February 2005 // Volume 43 // Number 1 // Ideas at Work // 1IAW5

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Water-Wise Plant Recognition Program

A cooperative program to recognize water-wise plants for the Utah landscapes was developed by 10 horticulture and water organizations. Representatives from the organizations developed a plant list of species that were attractive in the landscape, water conserving, adapted to the climate, and available in the industry. A yellow tag with "water- wise plant" outlined by the state of Utah identified the plants. A survey conducted at the end of the first season gave favorable results. The Water-Wise Plant Tagging Program is a model of how universities, governmental agencies, and private businesses can work together to accomplish a common goal.

Rick Heflebower
Extension Horticulture Agent
Utah State University Extension in Washington County
St. George, Utah

Teresa Cerny-Koenig
Extension Ornamental Horticulture Specialist and Assistant Professor
Utah State University
Logan, Utah

Molly Waters
Water Conservation Coordinator
Utah Division of Water Resources
Salt Lake City, Utah

Ruby Ward
Extension Agribusiness Specialist and Assistant Professor
Utah State University
Logan, Utah


Landscapes containing low water use plants are promising alternatives to conventional turfgrass-based landscapes and have the potential to significantly reduce overall landscape water use. Public interest in low water use plants is increasing, but most consumers have limited knowledge of which plant species require less water and where they can be purchased. Many nurseries and garden centers throughout Utah already carry low water requiring plants, but the public must be able to more easily recognize these plants in order to increase their use in Utah's landscape. The program described here encouraged the use of water-conserving plants in Utah's landscapes by developing a labeling and marketing program to enable the public to recognize some of the highest quality, low water use plant species.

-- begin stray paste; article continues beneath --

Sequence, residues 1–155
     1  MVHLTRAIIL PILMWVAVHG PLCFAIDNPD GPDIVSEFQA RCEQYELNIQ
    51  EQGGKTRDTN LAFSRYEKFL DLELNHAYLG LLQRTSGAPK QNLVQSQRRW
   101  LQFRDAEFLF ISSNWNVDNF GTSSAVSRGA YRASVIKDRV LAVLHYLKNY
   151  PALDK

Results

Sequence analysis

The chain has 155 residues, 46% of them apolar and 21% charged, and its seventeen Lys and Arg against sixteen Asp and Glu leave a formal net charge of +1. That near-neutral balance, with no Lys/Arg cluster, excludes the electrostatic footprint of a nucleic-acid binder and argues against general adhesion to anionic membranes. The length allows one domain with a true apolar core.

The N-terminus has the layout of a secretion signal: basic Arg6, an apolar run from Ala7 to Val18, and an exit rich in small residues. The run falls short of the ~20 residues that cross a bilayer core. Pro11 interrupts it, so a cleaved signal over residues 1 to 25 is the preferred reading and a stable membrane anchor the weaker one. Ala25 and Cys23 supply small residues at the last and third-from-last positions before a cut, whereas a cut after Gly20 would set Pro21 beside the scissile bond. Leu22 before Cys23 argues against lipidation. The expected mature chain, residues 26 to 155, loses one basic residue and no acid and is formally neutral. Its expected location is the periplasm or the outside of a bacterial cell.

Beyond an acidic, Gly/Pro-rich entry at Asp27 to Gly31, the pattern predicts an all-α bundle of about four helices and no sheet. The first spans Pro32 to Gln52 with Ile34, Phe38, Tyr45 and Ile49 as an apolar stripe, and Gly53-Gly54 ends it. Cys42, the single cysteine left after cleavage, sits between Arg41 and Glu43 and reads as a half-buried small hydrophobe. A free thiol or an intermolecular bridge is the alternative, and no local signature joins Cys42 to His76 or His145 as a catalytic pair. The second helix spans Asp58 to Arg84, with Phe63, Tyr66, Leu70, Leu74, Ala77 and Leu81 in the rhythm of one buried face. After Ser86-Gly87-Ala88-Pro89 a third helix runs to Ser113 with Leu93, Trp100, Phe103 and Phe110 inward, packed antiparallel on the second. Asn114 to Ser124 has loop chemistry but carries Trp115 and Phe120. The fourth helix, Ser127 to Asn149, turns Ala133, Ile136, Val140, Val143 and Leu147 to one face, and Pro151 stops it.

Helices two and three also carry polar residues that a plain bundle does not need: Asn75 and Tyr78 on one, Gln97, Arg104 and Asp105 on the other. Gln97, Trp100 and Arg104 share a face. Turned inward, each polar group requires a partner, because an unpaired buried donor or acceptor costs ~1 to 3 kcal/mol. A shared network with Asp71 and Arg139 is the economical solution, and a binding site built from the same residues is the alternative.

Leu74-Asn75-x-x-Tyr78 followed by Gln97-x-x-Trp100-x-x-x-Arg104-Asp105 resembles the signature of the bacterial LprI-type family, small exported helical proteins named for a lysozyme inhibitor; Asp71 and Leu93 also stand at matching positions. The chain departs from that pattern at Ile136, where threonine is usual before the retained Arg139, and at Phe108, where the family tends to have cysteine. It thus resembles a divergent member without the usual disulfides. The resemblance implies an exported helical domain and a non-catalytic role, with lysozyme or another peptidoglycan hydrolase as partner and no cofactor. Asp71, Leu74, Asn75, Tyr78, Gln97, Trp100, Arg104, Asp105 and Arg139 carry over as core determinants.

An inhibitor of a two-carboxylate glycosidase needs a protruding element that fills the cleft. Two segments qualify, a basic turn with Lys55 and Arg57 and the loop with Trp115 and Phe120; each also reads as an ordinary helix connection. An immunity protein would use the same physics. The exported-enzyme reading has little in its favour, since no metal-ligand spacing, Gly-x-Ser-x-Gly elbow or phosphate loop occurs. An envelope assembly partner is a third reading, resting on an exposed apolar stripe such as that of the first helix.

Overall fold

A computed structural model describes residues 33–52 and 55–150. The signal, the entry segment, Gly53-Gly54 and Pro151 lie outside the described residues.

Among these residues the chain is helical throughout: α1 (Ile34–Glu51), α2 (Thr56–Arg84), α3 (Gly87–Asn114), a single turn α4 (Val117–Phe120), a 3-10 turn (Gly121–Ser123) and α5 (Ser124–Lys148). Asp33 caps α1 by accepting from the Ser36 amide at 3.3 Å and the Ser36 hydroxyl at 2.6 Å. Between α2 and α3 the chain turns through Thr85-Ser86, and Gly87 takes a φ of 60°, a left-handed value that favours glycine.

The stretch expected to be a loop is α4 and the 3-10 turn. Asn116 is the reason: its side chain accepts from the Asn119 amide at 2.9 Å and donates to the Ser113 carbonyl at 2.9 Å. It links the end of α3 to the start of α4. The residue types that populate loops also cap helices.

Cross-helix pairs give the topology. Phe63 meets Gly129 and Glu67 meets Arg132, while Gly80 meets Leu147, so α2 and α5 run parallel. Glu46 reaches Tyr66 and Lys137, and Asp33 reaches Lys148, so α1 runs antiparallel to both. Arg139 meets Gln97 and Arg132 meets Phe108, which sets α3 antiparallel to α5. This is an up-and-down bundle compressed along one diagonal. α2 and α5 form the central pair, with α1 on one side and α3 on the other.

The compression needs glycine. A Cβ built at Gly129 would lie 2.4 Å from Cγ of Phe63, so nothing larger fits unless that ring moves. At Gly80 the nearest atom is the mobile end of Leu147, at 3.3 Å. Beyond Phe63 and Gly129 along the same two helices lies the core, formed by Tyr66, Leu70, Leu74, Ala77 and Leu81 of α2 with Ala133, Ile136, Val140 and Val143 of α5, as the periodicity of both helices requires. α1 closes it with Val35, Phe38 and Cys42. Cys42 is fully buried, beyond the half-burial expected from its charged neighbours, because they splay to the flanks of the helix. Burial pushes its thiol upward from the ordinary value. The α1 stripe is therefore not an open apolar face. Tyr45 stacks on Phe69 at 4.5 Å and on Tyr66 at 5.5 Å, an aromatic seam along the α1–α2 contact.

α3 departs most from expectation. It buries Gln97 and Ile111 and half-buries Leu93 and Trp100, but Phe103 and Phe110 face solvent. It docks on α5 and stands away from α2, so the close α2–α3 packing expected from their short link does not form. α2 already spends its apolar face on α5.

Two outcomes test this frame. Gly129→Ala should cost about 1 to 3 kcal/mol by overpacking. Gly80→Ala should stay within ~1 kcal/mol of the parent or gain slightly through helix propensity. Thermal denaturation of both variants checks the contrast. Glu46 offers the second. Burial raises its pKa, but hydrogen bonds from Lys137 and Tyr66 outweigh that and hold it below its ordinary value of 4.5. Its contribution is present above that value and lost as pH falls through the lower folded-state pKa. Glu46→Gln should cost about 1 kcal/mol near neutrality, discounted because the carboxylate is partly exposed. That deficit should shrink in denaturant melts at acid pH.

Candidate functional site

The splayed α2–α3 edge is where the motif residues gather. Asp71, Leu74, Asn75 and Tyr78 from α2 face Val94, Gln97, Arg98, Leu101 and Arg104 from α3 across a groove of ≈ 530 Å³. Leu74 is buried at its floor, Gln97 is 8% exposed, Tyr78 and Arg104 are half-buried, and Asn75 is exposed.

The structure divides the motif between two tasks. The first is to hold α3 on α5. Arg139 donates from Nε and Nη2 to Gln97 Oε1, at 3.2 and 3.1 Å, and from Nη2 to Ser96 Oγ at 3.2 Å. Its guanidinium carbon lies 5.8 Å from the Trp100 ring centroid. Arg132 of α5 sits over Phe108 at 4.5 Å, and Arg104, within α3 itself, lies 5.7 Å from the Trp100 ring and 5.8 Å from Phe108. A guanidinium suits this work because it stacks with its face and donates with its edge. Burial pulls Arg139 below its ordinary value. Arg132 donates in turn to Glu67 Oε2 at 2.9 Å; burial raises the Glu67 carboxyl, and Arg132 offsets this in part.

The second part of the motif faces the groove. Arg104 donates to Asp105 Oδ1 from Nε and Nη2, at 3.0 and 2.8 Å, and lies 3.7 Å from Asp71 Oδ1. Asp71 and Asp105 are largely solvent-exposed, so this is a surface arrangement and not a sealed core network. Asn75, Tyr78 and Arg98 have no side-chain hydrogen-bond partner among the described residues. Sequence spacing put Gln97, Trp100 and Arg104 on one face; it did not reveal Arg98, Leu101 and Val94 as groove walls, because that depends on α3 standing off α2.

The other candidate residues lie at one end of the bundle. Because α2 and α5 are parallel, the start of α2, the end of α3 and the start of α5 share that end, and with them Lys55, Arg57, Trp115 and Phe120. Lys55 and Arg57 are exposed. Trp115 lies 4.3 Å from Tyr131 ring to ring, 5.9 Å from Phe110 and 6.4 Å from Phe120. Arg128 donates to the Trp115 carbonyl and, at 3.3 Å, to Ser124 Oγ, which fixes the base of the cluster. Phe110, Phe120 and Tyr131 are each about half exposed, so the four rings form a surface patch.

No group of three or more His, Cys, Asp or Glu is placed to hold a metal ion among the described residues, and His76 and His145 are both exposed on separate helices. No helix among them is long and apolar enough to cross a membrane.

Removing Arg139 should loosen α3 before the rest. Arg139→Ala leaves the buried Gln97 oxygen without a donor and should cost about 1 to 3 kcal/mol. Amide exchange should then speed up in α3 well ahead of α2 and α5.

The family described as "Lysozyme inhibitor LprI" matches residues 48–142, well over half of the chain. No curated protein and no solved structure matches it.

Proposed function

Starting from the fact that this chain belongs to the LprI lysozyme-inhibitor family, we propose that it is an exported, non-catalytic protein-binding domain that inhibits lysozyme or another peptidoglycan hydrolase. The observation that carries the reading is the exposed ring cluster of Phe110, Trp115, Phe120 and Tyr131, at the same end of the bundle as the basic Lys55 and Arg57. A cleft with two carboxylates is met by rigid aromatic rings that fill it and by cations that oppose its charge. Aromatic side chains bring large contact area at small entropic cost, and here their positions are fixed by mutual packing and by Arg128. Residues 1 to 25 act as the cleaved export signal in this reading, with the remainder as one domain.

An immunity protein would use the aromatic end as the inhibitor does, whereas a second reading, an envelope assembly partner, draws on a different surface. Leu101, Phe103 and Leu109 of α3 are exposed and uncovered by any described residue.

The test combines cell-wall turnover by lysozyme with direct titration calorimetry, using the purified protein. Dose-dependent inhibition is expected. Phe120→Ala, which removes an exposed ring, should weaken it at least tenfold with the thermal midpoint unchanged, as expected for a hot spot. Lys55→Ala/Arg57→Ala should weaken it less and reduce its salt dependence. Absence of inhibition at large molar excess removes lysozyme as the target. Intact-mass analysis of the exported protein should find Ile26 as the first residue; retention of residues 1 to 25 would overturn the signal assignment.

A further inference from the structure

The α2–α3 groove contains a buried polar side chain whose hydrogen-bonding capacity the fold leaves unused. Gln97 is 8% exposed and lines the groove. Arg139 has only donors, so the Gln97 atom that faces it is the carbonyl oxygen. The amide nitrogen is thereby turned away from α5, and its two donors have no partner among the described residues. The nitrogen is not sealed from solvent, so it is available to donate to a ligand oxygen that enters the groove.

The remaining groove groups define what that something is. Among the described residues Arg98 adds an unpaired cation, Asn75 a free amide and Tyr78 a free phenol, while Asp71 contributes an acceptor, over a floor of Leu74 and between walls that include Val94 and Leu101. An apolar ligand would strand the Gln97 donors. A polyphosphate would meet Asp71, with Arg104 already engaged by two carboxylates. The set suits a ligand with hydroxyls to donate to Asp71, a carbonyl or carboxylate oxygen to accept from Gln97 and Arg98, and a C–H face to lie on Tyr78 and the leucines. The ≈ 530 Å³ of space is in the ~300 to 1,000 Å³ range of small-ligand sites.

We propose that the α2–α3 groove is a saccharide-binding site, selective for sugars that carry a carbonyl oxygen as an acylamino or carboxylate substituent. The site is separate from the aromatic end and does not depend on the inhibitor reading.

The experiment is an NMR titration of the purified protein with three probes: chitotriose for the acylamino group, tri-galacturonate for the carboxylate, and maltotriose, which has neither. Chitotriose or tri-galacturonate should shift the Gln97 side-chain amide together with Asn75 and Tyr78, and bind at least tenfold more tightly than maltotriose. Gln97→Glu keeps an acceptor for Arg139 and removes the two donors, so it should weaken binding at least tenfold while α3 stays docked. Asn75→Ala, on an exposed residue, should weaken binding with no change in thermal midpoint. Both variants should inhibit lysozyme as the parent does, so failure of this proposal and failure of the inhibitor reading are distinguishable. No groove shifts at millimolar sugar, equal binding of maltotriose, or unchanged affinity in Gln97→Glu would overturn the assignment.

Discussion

Water Wise Plant Tagging Program Methodology

The water-wise marketing program was initiated by Utah State University Extension and the Utah Division of Water Resources and is a cooperative effort among:

  • Utah State University Extension,

  • Utah State University Center for Water-Efficient Landscaping,

  • Utah Division of Water Resources,

  • Utah Botanical Center,

  • Red Butte Gardens,

  • Utah Nursery and Landscape Association,

  • Utah Native Plant Society, and

  • Various water agencies and water conservation coordinators.

The committee, which included representatives from each of the previously mentioned organizations, began meeting in the fall of 2002 to select water-wise plants for recommendation in Utah landscapes. Originally, the committee was organized from individuals interested in native plants and was part of the Utah Nursery and Landscape Association. The recommended plant list contained 36 trees, 45 shrubs, 90 herbaceous perennials, 18 ornamental grasses, 15 ground covers, and four vines that met the following criteria: